The Pint that Thinks it’s a Quart
I’m in my Rotterdam hotel room in a state of restless expectation because today the eighteenth-century Olympics begin. I mean the Olympiad for eighteenth-centuryists. The world of eighteenth-century studies has come to Rotterdam just as four years ago, it came to Graz in Austria and in four years time it will be in Edinburgh.
(This is not to be confused with discussion and implementation of the Olympic Games in the eighteenth-century – the subject of a journal special issue I co-edited.)
There is of course no pleasure on earth equal to a really well run eighteenth-century studies conference but right now all I can think of is that 1970s beer commercial for Whitbread (Big Head) Trophy Bitter – the pint that think’s it’s a quart.
I feel I should point out that the gentleman on the right is wielding a monster that must contain far more than a quart. It looks more like a gallon. The pathetic attempts of the guy on the left to somehow magic his pint into a quart repay repeated viewing. I half expect to see small print and a rapid soft voice at the end saying “Whitbread Trophy Beer is not actually sold in quarts”.
The reason this is absorbing me is wholly professional. The price of a quart of beer in the mid eighteenth-century was pretty much fixed at 3d. This means that the sixpence entry fee at the Robin Hood debating club on Butcher’s Row near the Strand essentially paid for a four pint argument. However what I’m not yet clear about is the extent to which this “pot” of beer (a pewter tankard for the most part) was not actually delivered and served in a quart measure. Did people drink quarts at a time on a regular basis? Was a “pint” considered a “half”? Did you buy your own quart and drink it on your own? If you were on something like a shilling a day minimum wage then a quart was also a quarter of your daily income. Did you share your quart with a friend who had his (or even her) own mug? Were you committed to buying at least two quarts just to be sociable making four pints the absolute minimum you could politely consume in a tavern or alehouse?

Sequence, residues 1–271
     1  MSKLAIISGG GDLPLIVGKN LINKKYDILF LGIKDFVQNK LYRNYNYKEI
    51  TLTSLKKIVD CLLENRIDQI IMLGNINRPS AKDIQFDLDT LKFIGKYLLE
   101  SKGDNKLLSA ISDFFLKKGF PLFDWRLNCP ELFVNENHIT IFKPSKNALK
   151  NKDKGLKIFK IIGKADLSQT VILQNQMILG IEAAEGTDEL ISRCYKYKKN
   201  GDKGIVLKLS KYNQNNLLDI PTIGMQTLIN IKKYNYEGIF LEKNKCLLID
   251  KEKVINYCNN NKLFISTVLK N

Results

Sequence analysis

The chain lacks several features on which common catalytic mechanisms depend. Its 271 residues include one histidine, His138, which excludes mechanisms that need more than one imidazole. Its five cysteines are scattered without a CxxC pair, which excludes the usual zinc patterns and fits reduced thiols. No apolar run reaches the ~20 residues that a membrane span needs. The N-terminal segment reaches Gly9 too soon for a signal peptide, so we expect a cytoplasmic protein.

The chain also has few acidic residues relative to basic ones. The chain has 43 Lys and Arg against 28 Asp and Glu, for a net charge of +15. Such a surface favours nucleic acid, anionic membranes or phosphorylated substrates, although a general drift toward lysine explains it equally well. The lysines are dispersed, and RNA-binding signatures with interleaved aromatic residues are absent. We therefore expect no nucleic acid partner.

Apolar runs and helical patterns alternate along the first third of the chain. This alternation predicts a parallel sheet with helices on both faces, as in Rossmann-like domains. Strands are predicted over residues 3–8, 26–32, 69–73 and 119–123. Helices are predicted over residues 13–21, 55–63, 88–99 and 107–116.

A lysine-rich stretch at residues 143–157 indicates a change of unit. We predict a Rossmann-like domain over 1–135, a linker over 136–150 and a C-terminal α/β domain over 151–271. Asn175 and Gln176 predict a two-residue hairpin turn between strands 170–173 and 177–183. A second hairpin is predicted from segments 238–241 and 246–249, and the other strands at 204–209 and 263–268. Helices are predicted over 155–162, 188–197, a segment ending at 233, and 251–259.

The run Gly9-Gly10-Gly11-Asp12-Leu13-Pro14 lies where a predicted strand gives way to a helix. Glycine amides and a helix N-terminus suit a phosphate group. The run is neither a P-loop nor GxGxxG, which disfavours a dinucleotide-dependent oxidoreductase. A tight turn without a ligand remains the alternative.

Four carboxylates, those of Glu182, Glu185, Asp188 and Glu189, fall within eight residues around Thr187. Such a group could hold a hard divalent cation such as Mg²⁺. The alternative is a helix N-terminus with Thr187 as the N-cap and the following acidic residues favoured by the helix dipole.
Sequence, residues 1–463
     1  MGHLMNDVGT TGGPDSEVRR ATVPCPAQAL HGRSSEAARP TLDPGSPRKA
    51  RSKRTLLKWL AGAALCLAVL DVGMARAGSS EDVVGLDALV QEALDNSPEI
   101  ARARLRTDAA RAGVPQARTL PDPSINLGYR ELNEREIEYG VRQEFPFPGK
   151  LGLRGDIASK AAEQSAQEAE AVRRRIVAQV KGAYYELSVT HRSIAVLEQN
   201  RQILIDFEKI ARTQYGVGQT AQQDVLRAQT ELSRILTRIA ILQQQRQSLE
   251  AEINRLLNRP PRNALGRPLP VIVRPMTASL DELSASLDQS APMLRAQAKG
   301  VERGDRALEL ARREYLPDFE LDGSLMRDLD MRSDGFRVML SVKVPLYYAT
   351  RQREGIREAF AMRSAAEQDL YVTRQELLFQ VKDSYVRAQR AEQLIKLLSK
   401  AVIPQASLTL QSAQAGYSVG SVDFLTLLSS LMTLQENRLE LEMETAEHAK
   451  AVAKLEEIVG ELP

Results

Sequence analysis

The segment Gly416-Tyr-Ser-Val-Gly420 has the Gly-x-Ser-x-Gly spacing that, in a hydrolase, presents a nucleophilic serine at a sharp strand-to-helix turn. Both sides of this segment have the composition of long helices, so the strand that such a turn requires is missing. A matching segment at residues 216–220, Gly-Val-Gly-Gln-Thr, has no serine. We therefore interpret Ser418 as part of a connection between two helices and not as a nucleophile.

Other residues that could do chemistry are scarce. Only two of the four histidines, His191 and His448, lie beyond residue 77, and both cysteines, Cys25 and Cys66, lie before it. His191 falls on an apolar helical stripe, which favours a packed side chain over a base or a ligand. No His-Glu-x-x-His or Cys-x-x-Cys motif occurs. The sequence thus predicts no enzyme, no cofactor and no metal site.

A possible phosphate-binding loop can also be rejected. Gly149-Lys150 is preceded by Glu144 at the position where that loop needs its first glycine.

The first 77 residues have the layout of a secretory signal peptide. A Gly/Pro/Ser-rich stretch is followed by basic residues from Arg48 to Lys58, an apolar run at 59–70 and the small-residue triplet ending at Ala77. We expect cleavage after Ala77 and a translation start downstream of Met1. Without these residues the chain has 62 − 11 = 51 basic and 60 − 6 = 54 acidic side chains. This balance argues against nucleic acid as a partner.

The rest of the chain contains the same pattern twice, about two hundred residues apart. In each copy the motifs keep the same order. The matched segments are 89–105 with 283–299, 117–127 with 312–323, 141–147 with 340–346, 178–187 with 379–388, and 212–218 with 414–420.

Look closely at the fat guy on the left in this engraving by Hogarth. This is “Beer Street” – the recto to “Gin Lane’s” verse – the emblem of all that’s healthy and positive about social drinking in the eighteenth century. He’s certainly got a pewter tankard – and I think he’s drinking a quart rather a pint. But I welcome dissenting opinions.
If I could be sure of these issues then I’d feel closer to the eighteenth-century than ever before. I’d belong here in Rotterdam.
Although I’d also have to deal with the emasculating reality that I’ve been drinking halves for my entire adult life.